ODOT Director Tim Gatz says there’s even more to the bill for Oklahomans to celebrate.

The Oklahoma State Election Board is waiting for more than 134,000 voters to confirm their address by this Saturday.

If these voters don’t respond to a mailer sent this spring, they’ll risk being labeled as "inactive"—starting the process of being purged from the voter rolls.

In 2018, cigarettes received an additional $1-per-pack tax as part of an effort to help fund teacher pay raises. Journal Record editor Russell Ray discusses the impact of the tax increase, how our tax rate on cigarettes compares to other states and the history of tobacco taxes in Oklahoma. 

Oklahoma children were better fed through the Summer Food Service Program last summer than they were the year before, according to the 2019 Food Research & Action Center report. And, advocates expect even more kids in the state to eat free meals through the program this summer. 

After a seven-week trial, a judge in Oklahoma is now considering whether Johnson & Johnson should be held responsible for the state's opioid epidemic.

The lawsuit, which is the first of its kind to play out in court, alleges Johnson & Johnson helped ignite the opioid crisis with aggressive marketing, leading to thousands of overdose deaths. The state is asking for more than $17 billion.

In this episode of Capitol Insider, Lieutenant Governor Matt Pinnell joins KGOU's Dick Pryor and eCapitol's Shawn Ashley to discuss his plans for improving Oklahoma's image and diversifying the economy. 

Changes to Oklahoma’s medical marijuana program will go into effect after August 29th, following new regulations passed by lawmakers earlier this year.

Oklahoma has launched an effort to rebrand itself, reports The Oklahoman.

The plan includes yet another attempt to create new license plates for the state, as well as a new slogan. Lt. Gov. Matt Pinnell, who is leading the effort, wants to get rid of the widely criticized scissor-tailed flycatcher license plates unveiled by Gov. Mary Fallin three years ago.

Pinnell would also like to scratch Oklahoma’s longtime unofficial slogan, “Oklahoma is OK.”

Oklahoma has more than 4,700 dams. At least 30 percent of these flood control structures are at the end of their 50-year design life. With climate change expected to bring more heavy precipitation, can they hold up?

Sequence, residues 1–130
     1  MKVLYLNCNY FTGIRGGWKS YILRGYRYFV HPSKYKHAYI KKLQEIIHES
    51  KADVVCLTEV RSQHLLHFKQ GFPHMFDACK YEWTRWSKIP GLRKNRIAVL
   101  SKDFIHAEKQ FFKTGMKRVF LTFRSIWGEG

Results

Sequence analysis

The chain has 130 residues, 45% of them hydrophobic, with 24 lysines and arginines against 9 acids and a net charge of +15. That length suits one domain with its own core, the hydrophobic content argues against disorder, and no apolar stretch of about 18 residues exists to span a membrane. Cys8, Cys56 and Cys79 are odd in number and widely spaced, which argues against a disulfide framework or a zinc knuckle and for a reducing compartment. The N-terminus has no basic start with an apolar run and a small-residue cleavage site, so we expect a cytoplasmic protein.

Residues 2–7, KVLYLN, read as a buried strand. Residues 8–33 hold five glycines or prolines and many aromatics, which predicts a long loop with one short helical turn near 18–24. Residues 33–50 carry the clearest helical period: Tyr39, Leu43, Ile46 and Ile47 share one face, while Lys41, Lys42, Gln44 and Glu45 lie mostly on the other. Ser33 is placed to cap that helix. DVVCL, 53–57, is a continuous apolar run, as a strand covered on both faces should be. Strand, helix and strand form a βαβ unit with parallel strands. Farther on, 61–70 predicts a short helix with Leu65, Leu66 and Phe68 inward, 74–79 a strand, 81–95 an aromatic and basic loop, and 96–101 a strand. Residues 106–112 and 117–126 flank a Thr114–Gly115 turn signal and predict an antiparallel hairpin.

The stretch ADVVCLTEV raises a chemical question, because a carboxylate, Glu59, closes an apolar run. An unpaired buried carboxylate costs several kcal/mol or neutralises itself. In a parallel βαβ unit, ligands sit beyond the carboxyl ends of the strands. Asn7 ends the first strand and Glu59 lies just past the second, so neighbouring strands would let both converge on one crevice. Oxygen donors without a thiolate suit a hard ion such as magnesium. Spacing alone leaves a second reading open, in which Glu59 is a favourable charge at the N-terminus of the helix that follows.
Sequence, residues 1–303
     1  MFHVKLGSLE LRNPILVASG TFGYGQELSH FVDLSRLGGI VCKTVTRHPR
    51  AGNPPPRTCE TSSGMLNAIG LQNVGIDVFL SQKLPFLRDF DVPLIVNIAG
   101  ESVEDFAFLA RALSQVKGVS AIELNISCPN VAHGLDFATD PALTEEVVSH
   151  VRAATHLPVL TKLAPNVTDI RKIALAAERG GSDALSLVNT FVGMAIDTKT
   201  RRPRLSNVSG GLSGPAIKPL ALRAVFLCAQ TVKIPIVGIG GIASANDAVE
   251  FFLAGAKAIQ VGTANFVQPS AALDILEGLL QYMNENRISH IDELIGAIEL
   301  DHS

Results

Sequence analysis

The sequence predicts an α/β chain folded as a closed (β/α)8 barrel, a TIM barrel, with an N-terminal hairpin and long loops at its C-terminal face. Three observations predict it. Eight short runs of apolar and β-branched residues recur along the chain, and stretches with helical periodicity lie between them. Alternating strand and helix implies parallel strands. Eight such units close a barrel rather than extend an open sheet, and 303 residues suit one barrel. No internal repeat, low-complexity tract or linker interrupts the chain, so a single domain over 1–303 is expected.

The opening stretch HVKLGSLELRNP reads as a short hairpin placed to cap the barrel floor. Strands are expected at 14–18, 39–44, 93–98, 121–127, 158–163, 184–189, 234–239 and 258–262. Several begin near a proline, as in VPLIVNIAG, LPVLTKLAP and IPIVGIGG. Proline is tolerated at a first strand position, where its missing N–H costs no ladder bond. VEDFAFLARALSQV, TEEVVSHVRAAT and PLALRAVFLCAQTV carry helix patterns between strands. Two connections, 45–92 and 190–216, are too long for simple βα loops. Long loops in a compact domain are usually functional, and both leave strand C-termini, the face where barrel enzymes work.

A campaign to expand government health insurance to more low income Oklahomans overcame its first legal hurdle Tuesday.

More than a dozen members of the liquor and wine industry filed a lawsuit this week asking the Oklahoma Supreme Court to stop a law that — they say, will disrupt their business.

Recent flooding and dam releases are affecting businesses and key industries in Oklahoma. Journal Record editor Russell Ray discusses how the flooding has effectively shut down the Port of Catoosa, impacted the state's agriculture industry and postponed the reopening of the River Spirit Casino Resort in Tulsa.

Oklahoma’s population growth rate is at its lowest since 1990 according to new study from the Kansas City Federal Reserve. That’s because Oklahoma lost more residents to other states than it gained over the past three years, with college graduates leading the way.

Oklahoma medical marijuana and CBD businesses may need an $850 dollar food license.

Foods infused with CBD or THC, like oils, candy or honey are popular choices at dispensaries. Now the Oklahoma State Department of Health, which runs the state’s medical marijuana program, is reminding businesses that sell or manufacture those products that they need a food license by late April, or risk fines.

This year the Trump Administration said it would support states imposing “community engagement” requirements on Medicaid. That means, for the first time in the program’s history, states can require people to work a certain number of hours to be eligible for the government health program for low-income Americans.

Gala Soe and his family sit on their living room floor, watching his infant daughter play with bright plastic balls on a colorful mat. Portraits of family members line the walls of their trailer.